• Reversible
  • Effective
  • Pre-mix solutions have simplified this process; protocols exist to guide the inexperienced
  • Cumbersome protocol; greatly increased workload
  • Requires frequent monitoring:
    • Sodium
    • Calcium
    • Bicarbonate (or pH)
  • If you are using trisodium citrate, you end up giving a massive amount of sodium
  • Acidosis may result due to excess citrate
  • Alkalosis may result when that citrate is metabolised
  • In hepatic failure, this is contraindicated (as citrate is metabolised mainly by the liver)
  • Special calcium-free hyponatraemic and bufferless dialysate is required
  • If the patient has HITTS, they will still require some sort of systemic anticoagulation
  • Risk of toxicity
    • High anion gap metabolic acidosis
    • Ionised hypocalcemia
Direct thrombin inhibitors:
Hirudin / Lepirudin
Bivalirudin / Argatroban
  • Alternative to heparin in HIT
  • Argatroban has a short halflife and is metabolised by the liver
  • There is a predictable near-linear relationship between hirudin levels and APTT
  • Expensive
  • Hirudin, lepirudin and bivalirudin are renally excreted; halflife will be prolonged
  • Argobatran is metabolised by the liver - halflife will be prolonged in liver failure
  • Argatroban falsely raises PT and INR.
  • All these molecules are too large to be removed by CRRT membranes, and will accumulate.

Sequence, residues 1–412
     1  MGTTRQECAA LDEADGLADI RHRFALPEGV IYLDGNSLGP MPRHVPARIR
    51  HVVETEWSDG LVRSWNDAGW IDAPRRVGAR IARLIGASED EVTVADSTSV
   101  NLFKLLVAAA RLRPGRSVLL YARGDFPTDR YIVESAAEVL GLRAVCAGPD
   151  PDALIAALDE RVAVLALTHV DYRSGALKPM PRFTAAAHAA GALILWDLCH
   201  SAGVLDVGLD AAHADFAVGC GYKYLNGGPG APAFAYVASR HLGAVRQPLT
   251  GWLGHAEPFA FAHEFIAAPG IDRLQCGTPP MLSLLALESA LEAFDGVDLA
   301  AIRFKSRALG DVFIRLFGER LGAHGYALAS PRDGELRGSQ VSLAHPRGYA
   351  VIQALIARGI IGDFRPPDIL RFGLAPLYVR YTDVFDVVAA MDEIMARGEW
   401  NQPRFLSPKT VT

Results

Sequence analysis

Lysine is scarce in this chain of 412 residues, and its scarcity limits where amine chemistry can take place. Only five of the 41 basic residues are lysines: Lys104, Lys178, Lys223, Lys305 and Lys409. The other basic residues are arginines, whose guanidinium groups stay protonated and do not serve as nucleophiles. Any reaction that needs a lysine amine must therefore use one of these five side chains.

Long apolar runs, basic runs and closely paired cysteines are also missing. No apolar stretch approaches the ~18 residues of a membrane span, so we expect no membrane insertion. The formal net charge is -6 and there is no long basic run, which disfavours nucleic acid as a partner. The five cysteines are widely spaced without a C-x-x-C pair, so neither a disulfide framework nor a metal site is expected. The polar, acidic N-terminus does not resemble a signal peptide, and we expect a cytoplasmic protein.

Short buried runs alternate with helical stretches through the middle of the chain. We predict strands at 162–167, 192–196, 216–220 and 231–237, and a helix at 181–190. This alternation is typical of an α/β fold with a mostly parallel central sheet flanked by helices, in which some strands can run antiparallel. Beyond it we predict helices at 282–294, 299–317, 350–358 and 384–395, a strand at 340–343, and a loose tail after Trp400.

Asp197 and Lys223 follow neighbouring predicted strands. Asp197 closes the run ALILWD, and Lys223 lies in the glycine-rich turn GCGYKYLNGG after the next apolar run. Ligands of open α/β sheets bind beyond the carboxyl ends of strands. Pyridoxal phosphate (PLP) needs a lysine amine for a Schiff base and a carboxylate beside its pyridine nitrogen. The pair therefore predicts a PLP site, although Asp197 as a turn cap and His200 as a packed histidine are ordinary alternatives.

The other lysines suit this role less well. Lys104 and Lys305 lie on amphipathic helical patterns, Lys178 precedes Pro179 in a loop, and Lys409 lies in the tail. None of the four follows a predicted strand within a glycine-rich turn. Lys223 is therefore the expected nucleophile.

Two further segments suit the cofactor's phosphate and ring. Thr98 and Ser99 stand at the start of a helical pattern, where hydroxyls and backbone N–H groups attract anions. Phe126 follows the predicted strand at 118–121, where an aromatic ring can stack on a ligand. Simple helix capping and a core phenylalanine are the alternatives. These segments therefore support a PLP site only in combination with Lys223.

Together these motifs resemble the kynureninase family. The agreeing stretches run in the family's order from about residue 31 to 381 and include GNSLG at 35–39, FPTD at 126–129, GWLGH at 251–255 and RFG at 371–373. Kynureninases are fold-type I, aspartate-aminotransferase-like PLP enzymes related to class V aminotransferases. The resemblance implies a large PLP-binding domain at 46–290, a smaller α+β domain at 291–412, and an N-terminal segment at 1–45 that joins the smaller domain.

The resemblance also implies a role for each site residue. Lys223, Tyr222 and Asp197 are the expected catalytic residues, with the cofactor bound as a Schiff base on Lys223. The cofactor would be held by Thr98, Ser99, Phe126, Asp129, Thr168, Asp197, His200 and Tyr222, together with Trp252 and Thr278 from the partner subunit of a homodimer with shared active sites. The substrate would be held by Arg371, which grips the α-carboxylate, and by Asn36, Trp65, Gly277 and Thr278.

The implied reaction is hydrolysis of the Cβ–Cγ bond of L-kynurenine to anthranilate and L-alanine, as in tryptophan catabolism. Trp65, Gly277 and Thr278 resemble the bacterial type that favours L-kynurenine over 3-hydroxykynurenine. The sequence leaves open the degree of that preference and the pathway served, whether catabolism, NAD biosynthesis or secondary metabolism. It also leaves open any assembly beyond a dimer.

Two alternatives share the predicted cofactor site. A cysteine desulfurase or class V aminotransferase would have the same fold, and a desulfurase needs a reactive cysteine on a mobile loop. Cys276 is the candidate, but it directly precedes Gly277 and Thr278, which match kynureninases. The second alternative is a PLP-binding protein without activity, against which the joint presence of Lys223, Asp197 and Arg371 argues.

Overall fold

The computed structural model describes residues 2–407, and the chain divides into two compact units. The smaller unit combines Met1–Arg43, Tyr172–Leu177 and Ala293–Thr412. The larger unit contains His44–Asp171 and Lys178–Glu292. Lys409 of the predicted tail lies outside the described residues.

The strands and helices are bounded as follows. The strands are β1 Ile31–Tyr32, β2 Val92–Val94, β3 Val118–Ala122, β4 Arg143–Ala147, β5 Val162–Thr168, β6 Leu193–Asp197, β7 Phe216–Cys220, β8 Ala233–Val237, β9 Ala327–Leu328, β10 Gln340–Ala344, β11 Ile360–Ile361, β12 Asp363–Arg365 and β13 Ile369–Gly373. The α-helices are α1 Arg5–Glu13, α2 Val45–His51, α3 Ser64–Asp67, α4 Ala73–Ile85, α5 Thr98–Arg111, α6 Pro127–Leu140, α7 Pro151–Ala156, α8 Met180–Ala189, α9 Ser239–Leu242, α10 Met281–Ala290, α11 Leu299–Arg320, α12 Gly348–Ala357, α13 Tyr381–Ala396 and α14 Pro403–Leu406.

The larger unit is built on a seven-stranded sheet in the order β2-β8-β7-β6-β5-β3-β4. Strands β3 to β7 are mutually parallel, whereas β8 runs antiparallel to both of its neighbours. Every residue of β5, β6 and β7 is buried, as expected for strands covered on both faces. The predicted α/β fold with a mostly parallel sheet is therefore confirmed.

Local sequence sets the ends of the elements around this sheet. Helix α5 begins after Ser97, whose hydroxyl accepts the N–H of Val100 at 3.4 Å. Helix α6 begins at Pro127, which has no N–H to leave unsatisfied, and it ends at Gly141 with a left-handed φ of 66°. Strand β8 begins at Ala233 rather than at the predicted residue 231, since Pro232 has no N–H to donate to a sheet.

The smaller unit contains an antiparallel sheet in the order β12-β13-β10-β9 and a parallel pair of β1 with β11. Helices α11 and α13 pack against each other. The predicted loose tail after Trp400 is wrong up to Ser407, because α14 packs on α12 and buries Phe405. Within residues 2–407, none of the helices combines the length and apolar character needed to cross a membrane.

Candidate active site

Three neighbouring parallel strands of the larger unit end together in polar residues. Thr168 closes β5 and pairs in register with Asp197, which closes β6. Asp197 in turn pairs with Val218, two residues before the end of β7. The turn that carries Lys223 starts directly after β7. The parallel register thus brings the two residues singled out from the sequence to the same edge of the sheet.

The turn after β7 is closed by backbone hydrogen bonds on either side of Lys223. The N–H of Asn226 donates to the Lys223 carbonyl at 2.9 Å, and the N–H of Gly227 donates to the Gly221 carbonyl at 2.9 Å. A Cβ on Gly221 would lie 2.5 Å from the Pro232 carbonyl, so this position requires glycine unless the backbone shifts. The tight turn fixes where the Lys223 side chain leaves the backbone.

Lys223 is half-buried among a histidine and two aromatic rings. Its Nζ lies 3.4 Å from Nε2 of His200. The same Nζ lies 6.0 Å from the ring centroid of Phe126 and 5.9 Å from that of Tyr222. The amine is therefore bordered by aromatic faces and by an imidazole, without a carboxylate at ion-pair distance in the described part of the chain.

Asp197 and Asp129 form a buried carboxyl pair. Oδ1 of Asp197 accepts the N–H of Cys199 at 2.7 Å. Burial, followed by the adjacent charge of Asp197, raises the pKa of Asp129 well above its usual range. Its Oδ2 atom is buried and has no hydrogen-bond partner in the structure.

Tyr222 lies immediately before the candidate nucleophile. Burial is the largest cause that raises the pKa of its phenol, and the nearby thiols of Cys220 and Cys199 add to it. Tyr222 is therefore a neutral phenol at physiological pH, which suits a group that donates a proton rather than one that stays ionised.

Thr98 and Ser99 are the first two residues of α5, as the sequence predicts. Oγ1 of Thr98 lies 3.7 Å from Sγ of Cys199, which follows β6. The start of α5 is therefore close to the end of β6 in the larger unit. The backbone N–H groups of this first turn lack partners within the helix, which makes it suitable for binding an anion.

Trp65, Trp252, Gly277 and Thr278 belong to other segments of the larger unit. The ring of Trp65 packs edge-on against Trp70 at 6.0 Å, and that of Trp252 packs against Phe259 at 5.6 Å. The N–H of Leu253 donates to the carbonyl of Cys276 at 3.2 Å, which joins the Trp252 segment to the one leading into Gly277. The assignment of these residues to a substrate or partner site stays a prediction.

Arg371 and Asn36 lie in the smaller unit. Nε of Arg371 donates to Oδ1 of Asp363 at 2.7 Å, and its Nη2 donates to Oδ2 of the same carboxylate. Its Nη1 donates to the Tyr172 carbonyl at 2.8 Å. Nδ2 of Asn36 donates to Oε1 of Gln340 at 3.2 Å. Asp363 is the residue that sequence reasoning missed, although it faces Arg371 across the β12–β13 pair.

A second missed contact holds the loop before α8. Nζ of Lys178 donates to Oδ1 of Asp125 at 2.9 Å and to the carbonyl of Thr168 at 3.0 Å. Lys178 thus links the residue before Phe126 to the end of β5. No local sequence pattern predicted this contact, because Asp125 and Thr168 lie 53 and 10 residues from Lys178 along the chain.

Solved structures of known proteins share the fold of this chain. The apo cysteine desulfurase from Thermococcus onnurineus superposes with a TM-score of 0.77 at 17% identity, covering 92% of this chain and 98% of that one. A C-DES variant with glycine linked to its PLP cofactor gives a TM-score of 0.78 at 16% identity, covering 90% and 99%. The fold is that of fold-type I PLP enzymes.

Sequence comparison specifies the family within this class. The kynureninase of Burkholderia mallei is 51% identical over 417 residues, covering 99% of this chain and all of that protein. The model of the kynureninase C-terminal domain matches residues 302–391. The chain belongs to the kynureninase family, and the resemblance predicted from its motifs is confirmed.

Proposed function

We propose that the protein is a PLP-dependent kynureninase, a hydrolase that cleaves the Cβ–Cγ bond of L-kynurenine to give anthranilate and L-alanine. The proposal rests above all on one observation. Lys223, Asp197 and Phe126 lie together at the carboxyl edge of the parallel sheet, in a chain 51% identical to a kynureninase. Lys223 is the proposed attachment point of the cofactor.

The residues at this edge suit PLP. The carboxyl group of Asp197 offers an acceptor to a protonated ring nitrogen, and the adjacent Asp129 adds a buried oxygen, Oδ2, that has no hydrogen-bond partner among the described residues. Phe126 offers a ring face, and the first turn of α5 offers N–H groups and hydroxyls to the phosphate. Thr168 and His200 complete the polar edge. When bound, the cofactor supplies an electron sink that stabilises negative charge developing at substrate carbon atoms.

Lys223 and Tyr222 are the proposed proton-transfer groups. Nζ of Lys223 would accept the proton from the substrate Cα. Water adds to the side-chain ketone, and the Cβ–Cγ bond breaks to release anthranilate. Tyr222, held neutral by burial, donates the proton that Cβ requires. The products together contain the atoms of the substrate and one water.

• No reversal agent
Heparinoids (Danaparoid)
  • Expensive
  • Cross-reactivity with heparin/platelet antibodies (in 5%)
  • Long half life (48 hrs)
  • No reversal agent
  • Higher risk of bleeding than with heparin
Xa inhibitors: Fondaparinux
  • Renally cleared; may accumulate in high doses
  • Long halflife (15-20hrs)
  • No reversal agent
Serine protease inhibitors: Nafamostat
  • Suppresses neutrophil activity and may cause agranulocytosis
  • May cause increased bilirubin levels
  • Clearance relies on serum esterases, which may be decreased in chronic liver disease
  • May decrease protein C activity, leading to paradoxically increased circuit clotting
  • May cause anaphylaxis
  • May cause hyperkalemia
Prostacyclin (PGI2)
  • Very short half life (90 seconds)
  • Probably safe
  • Decreases platelet consumption in the circuit
  • Can be used together with heparin for a combined effect, as a "heparin-sparing" agent.
  • Hypotension from vasodilation
  • Ridicuously expensive
  • If the patient has HITTS, they will still require some sort of systemic anticoagulation


Lewis, P. J., and C. T. Dollery. "Clinical pharmacology and potential of prostacyclin." British medical bulletin 39.3 (1983): 281-284.

Fiaccadori, Enrico, et al. "Continuous haemofiltration in acute renal failure with prostacyclin as the sole anti-haemostatic agent." Intensive care medicine 28.5 (2002): 586-593.

Han, Sang Jin, et al. "Use of nafamostat mesilate as an anticoagulant during extracorporeal membrane oxygenation." Journal of Korean medical science26.7 (2011): 945-950.

Hu, Z. J., et al. "Time course of activated coagulation time at various sites during continuous haemodiafiltration using nafamostat mesilate." Intensive care medicine 25.5 (1999): 524-527.